Failing to Prepare is Preparing to Fail: Practicing Smart
Post date: Mar 7, 2017 4:27:52 PM
“Failing to prepare is preparing to fail.” We all understand that practice is crucial for successful performance. However, it is important to realize that, actually, success comes much more smoothly if students practice smart. The quality of practice is more important than the quantity. Thirty minutes of quality practice is much more productive than two hours of aimless, thoughtless practice.
Successful practice leads to successful performance. Here are some tips to help you practice smart:
1. Where? Where am I having problems? Where do I want to be in the score by the end of the day, the end of the week? Where should I start practicing today?
2. Why? Why am I having difficulty with this part? Why did the composer give the piece this title, change to a minor key, vary the dynamics, write legato and then staccato, write an accent on this note, etc.?
3. What? What does _______ mean? What do I feel/see/think when playing this piece or passage? What does it remind me of? What am I doing well? What can I do to improve? What do I want to accomplish today, this week? What are some strategies I can use to solve a problematic passage?
Slow it down! Slower practice leads to faster progress, I promise! Slow it down to a tempo where you can play perfectly without hesitating, varying the tempo, or second-guessing yourself. Then, gradually increase the tempo. If you make a mistake, go back and decrease the tempo again!
Break it up! Set a goal for the week with your teacher, and then break up the passage/piece and set daily goals that help you reach your weekly goal. For example, if your goal is to learn 20 measures by the next lesson, your practice plan might look like this:
Day 1: learn 5 measures
Day 2: review previous 5 measures, learn two new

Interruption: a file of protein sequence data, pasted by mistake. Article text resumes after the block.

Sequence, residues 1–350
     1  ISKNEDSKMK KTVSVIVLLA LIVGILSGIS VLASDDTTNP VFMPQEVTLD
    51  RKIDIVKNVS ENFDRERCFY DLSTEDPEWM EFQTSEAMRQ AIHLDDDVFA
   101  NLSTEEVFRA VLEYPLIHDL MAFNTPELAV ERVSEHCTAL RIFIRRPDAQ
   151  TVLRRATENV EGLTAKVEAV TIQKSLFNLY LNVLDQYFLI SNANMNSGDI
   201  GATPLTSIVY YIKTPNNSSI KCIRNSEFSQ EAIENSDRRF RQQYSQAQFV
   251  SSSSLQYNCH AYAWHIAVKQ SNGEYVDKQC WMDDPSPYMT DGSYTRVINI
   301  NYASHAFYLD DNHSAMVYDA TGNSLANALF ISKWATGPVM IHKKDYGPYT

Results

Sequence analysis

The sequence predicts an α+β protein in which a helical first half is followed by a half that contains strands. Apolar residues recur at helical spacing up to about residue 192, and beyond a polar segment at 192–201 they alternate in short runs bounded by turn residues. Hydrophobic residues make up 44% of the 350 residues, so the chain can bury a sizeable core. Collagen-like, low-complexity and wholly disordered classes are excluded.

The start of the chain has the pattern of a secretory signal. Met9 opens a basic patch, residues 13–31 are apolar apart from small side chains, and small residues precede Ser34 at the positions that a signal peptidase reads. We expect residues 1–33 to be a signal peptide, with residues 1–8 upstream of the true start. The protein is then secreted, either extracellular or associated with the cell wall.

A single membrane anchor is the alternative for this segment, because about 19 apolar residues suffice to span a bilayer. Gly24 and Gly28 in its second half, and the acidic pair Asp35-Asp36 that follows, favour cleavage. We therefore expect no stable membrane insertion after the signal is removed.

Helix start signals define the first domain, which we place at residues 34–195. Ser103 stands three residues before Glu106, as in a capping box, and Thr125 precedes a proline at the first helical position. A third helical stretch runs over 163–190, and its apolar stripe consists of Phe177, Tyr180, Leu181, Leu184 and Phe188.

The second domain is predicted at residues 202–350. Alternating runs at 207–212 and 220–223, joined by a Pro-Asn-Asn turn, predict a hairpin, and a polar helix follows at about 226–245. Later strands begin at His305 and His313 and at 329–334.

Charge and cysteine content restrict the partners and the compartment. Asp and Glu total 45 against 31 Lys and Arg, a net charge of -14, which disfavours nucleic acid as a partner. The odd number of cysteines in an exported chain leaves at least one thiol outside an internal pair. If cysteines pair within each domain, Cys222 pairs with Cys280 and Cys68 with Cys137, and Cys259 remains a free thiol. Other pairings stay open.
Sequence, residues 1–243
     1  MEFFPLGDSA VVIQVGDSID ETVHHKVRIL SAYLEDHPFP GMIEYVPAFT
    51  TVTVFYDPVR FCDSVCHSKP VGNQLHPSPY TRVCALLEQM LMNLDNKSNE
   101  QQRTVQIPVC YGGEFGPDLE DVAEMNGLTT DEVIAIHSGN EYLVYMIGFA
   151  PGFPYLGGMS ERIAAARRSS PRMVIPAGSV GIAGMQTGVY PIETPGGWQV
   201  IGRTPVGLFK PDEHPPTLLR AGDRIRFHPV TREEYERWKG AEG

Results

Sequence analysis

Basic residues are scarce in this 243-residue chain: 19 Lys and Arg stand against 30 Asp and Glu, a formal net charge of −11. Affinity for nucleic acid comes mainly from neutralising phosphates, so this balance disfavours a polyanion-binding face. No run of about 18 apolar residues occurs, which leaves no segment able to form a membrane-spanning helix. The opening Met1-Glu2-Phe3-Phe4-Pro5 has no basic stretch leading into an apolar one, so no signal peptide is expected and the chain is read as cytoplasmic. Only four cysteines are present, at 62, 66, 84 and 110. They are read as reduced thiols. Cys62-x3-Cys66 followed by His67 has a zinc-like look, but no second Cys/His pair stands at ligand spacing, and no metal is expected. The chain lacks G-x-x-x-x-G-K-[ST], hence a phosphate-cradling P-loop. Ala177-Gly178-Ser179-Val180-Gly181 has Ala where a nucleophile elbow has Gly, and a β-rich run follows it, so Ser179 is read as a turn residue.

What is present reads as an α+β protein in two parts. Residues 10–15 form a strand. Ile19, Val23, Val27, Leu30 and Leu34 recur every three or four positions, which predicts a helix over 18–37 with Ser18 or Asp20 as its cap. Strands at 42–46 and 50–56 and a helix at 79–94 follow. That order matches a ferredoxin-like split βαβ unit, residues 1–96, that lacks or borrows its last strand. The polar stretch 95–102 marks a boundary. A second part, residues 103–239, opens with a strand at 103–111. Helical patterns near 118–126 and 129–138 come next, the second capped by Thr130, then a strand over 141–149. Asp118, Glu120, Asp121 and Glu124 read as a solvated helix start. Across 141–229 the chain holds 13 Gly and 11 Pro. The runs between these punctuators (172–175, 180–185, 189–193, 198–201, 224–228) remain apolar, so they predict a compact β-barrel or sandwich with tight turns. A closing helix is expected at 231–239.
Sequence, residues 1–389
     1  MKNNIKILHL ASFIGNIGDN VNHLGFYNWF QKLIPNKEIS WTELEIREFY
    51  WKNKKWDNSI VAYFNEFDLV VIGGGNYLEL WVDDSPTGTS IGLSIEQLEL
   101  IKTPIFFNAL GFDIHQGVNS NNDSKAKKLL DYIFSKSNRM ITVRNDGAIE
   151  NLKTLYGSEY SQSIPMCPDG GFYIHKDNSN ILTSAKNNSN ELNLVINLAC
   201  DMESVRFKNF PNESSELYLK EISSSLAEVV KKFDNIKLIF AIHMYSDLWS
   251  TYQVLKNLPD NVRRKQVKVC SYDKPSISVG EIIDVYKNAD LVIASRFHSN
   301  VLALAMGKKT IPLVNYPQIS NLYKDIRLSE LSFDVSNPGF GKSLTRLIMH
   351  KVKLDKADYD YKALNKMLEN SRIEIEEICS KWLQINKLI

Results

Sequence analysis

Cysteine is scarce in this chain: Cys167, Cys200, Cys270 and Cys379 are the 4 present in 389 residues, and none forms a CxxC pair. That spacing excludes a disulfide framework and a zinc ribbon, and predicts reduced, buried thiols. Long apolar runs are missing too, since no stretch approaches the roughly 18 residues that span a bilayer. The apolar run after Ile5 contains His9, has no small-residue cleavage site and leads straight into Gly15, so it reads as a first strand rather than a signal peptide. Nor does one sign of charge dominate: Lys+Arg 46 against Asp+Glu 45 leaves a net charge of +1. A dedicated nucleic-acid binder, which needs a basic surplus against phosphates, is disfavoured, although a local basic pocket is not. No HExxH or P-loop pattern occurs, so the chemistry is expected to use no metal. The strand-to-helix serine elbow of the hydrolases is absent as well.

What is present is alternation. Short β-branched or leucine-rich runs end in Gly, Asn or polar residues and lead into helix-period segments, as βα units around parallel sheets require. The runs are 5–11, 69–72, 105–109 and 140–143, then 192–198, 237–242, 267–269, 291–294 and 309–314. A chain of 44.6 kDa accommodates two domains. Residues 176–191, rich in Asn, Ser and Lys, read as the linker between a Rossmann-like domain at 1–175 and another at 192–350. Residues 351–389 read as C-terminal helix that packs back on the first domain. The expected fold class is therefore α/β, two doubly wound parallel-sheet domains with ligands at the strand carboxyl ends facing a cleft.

Day 3: review previous 7 measures, learn 3 new
Day 4: review 10 measures, learn 2
Day 5: review 12 measures, learn 3
Day 6: review 15 measures, learn 2
Day 7: review 17 measures, learn 3
Day 8: practice all 20 on day of lesson, starting with problem areas
For problematic measures, pianists can break up hands, playing left and right hand separately until completely fluent and then adding hands together slowly. For difficult transitions, students can break up the measures, playing the last part of one measure and the first part of the other until a smooth transition between the measures is accomplished. Then, students can practice both full measures together.
Break routine and begin practice in different places, not always from the beginning.
Break up practice time so that you maintain your concentration at all times. For example, you could play 20 minutes in the morning and 20 minutes in the evening.
Listen! Listening is putting into practice what you hear from your teacher, analyzing the sounds as you or others are playing, comparing the sound you are producing to what’s written on the page, and noticing the details.
Practice regularly! As my mom used to say, “You can eat an elephant one bite at a time. However, you can’t eat it all at once!” If you practice thirty minutes every day with thoughtfulness and concentration, one measure, one bite at a time, with a goal in mind, I guarantee that you will accomplish much more than practicing many hours in one or two big chunks while skipping other days.
How are you practicing? Now, go practice smart!